Levy: Campaigns Get Personal

Well before the party conventions, it's fair to say that technology has made its mark on the 2008 election cycle. Bloggers are at the center of the political conversation, and the Pandora's box of YouTube is an endless source of macacas, ObamaGirls and incendiary pulpit sermons. But within the campaigns themselves, the talk is of a technological advance based on number-crunching, databases, selective surveying and laser-focused voter contact. To political technocrats, 2008 marks the maturation of "microtargeting"—a technique that, if things are as close in November as expected, may well affect who takes the White House.

Microtargeting, as its name implies, is a way to identify small but crucial groups of voters who might be won over to a given side, and which messages would do the trick. It's also a bit scary, because instead of trying to figure out how to direct media and mailings to a fuzzy cohort like "soccer moms," microtargeters know who you are, and try to push your personal hot button so that you'll choose their candidate.

I got an explanation of how this works from Colin Shearer, a former artificial intelligence scientist who is now a VP of SPSS, named after a software project called the Statistical Package for the Social Sciences. His company provides the key tools of what it calls "predictive analytics" (the secret sauce of microtargeting) to commercial concerns and, increasingly, political customers. SPSS's customers include companies you may not have heard of—Strategic Telemetry, Catalist, TargetPoint and Penn, Schoen & Berland—but they are the key consultants for microtargeting efforts of both parties. (Strategic Telemetry is currently working for Obama, Penn for Hillary, Catalist works with the DNC and TargetPoint worked for Mitt Romney but is widely expected to be onboard for McCain in the general election.)

The process involves gathering elaborate information on voters (Alex Lundry, research director of TargetPoint, talks of a "data DNA profile") that can include public items like party affiliation, ZIP code-based assumptions on income level and housing, and fairly detailed consumer preferences such as which car you drive, where you vacation and which entertainment you prefer. (Yes, that stuff is for sale, enabled greatly by a widespread neglect of those "opt out" checkboxes in the fine print of privacy policies.) That information is augmented by surveys that link those traits and behaviors to attitudes on political and social issues.

Careful analysis can yield counterintuitive opportunities to win votes. In 2004, Republican microtargeting in New Mexico found a strain of education-obsessed Hispanic moms who responded positively to mailings and phone calls touting George W. Bush's No Child Left Behind law. Democrat microtargeters discovered what they called Christian Conservative Environmentalists. Find such people (by data-mining the information), craft a message that resonates with their particular bugaboos, contact them directly, and you may get votes that otherwise would never have found their way into your tally.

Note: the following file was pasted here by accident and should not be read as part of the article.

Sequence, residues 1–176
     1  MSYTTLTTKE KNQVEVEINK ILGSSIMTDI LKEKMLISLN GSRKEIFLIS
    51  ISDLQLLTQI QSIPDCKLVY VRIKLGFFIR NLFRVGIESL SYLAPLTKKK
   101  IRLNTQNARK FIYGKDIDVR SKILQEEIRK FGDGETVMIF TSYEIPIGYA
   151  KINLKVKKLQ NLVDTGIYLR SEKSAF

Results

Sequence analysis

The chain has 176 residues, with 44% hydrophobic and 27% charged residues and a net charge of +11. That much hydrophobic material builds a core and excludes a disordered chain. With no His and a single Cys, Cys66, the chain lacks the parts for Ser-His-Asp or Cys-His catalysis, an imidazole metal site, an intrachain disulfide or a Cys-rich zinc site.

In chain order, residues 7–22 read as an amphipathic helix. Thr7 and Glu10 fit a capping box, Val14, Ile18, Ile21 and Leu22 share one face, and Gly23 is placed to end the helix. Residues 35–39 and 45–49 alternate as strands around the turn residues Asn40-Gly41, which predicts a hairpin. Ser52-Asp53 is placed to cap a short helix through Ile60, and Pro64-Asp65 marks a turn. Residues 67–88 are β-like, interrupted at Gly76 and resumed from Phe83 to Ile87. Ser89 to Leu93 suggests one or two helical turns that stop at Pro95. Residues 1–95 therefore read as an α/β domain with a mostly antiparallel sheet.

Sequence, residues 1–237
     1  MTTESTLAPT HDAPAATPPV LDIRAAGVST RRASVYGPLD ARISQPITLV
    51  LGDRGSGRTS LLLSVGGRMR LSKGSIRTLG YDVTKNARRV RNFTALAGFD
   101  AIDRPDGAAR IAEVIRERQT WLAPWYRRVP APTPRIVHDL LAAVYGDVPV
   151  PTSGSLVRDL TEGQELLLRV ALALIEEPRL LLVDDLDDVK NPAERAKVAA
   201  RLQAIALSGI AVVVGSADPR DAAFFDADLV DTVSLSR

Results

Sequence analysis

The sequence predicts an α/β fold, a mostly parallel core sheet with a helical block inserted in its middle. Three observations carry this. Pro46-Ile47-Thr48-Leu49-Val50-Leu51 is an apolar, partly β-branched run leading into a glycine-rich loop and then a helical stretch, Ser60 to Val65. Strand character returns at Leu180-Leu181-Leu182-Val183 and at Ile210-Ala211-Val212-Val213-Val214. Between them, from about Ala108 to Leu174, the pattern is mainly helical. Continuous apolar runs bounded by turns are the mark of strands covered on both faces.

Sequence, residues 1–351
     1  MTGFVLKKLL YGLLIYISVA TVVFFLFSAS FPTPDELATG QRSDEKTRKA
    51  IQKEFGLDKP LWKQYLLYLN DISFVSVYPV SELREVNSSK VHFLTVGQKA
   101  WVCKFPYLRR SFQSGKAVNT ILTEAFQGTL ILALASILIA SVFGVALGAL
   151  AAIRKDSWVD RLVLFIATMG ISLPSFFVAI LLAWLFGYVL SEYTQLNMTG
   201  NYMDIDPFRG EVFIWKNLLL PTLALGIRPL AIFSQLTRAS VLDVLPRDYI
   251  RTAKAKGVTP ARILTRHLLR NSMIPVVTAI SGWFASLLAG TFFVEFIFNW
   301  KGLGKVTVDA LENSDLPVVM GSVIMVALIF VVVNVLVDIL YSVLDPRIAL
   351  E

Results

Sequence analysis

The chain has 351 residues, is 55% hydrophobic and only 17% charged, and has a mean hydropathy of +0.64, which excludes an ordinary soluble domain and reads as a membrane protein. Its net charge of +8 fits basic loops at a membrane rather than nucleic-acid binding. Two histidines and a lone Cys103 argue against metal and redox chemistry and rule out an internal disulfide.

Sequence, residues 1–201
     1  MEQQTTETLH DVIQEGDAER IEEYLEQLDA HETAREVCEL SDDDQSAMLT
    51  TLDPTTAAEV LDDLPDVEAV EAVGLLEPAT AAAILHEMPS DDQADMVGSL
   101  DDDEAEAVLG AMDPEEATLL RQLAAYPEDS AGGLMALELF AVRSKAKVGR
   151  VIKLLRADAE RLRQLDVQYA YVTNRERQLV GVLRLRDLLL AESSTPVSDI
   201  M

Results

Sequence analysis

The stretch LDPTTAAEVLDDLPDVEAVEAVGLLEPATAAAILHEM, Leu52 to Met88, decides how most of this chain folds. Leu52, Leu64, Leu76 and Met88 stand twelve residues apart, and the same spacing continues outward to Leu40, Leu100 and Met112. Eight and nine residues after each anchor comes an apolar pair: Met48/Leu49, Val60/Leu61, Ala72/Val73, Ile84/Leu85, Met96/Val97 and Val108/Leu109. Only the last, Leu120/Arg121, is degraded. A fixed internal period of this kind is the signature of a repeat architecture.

In 2008, microtargeting is coming into its own. Not only are the techniques more refined, but the software has been improved and more powerful hardware allows standard laptops to quickly churn out results that previously could be done only with bulkier and slower computers. Databases can be mined more efficiently. As a result, says Marc Rotenberg of the Electronic Privacy Information Center, "this is the first time when campaigns can go beyond directing a mailing to the Hispanic or Jewish community, and instead can figure out what John Smith at 286 Main Street is thinking."

Rotenberg worries that voters, who have no idea of what campaigns know about them, can be unfairly manipulated. Consider this example from TargetPoint's work for Romney this winter. According to Lundry, Romney voters were strongly represented among "country-club Republicans"—well-off folks who care deeply about financial issues that favor their portfolios. But TargetPoint identified another group, one not quite sold on Romney, but susceptible to a pitch on his economic policies. These were people who didn't make as much money as the country-clubbers, but displayed consumer habits similar to the snob set—drove SUVs, went to the theater, bought natural foods. What's more, says Lundry, "they identified with the politics of those they are emulating." Calls to those strivers with messages about Romney's tax policies got results.

On the one hand, that's simply efficient communication, matching voters with a candidate who shares a point of view. But seen another way, the Romney camp has sorted out individuals whose striving makes them vulnerable to a pitch that, at least with their current financial status, is at odds with their economic interests. Would they have been as susceptible if the caller informed them why they were the ones receiving the call? According to our data, you're living beyond your means. Wouldn't you like to vote that way, too?

That's troubling, but the real problem with microtargeting isn't its practice, but the way it embodies how overpolled and overcalculated our elections have become. How can a candidate be great if his or her targets are micro?